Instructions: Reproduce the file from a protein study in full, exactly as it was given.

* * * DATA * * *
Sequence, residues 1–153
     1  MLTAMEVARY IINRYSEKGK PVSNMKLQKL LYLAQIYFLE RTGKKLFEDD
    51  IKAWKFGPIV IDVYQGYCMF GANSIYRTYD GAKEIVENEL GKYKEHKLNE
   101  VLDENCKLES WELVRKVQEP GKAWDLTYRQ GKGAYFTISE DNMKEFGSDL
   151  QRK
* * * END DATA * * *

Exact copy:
Sequence, residues 1–153
     1  MLTAMEVARY IINRYSEKGK PVSNMKLQKL LYLAQIYFLE RTGKKLFEDD
    51  IKAWKFGPIV IDVYQGYCMF GANSIYRTYD GAKEIVENEL GKYKEHKLNE
   101  VLDENCKLES WELVRKVQEP GKAWDLTYRQ GKGAYFTISE DNMKEFGSDL
   151  QRK